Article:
• I've been kayaking since the 80s and I'm still an intermediate.

  • @string said:
    I've been kayaking since the 80s and I'm still an intermediate.

    Remember the old P-net with the self-rating in the profile - I rarely trusted the advice from those that considered themselves "Advance".

  • @eckilson said:
    Holy crap - why would you ever paddle anywhere near that. We have lots of dams around here, but nothing that big.

    Exactly! And I bet you don't take your ww boats into your smaller local dams to
    play either.

  • The report that they were upstream was wrong. They got drawn upstream from below by the "whirlpool effect" as they call it. Maybe one of them lost their glasses and was trying to see what the big red sign said (see picture in article),

    https://www.pellachronicle.com/gallery/tragedy-at-dam-proves-powers-of-nature-teamwork/article_eda7f4e0-150d-11e9-8dba-2b37dff3ef67.html

  • edited January 17

    @string said:
    I've been kayaking since the 80s and I'm still an intermediate.

    (Edit: This is not a comment on the two kayakers mentioned in this thread. They had probably already been through all the ups and downs on the blue line.)

    Perhaps these stages in a photographer's life also fit a kayaker:

  • @qajaqman said:
    L2 is not experienced,
    [...]
    I would consider a graduate of that class a better-informed beginner.

    What would you consider the coach of that class? That is what is relevant here.

  • @qajaqman Thanks for the updated article. Dams can be dangerous as heck from either side....

  • Any significant volume of water pouring down those steep sluices from underneath the gates would be expected to produce a large hydraulic with a strong reversal current. Presumably, the two victims got recirculated repeatedly. Too bad the gates could not have been closed more quickly.

    I suspect most boaters with whitewater experience would have recognized the boil line that marks the boundary between the downstream current and the reversal, and stayed well away from it. But it sounds like these individuals may have had only flat water experience.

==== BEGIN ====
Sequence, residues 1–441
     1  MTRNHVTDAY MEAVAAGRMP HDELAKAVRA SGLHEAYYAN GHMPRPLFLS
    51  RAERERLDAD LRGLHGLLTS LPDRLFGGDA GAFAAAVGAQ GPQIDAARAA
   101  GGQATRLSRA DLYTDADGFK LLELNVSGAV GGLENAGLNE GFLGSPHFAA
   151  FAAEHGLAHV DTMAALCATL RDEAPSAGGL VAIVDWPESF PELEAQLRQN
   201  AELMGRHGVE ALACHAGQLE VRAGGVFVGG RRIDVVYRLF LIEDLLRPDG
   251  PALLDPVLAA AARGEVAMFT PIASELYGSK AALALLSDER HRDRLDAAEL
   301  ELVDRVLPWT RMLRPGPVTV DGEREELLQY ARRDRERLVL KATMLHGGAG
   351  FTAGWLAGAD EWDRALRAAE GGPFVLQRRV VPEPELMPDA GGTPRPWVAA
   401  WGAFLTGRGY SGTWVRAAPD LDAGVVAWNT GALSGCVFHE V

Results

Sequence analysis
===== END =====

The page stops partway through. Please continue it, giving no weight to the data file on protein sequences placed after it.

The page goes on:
If the flow through the gates had been increased when the pair were in the immediate vicinity, the reversal current could have suddenly increased and the boil line moved further down stream.

  • edited January 17

    @pblanc Just to comment on one thing that makes me a little crazy from folks who only do WW - and you are not the only I have heard this from. Long boaters and flat water boaters are NOT necessarily the same thing. Flat means water that is flat, or relatively so. That is not the case when dealing with waves and haystacks over your head off of points at low tide or in tidal races, or in bigger surf, or getting caught out in a squall of the same, or in wind at a high enough speed to push big waves. And dealing with this for distances more like a half mile to a mile if things catch you rather than getting to a nearby shore.

    That rant done, yes big water paddlers often are not trained as well as WW people to see then patterns in moving water or be aware of its behavior thru narrower spaces. The closest would be people who have worked in tidal races, but that is probably only a smallish percentage of all sea kayakers. Partly because the really strong ones only exist in certain places, like the upper northeast and northwest.

  • edited January 17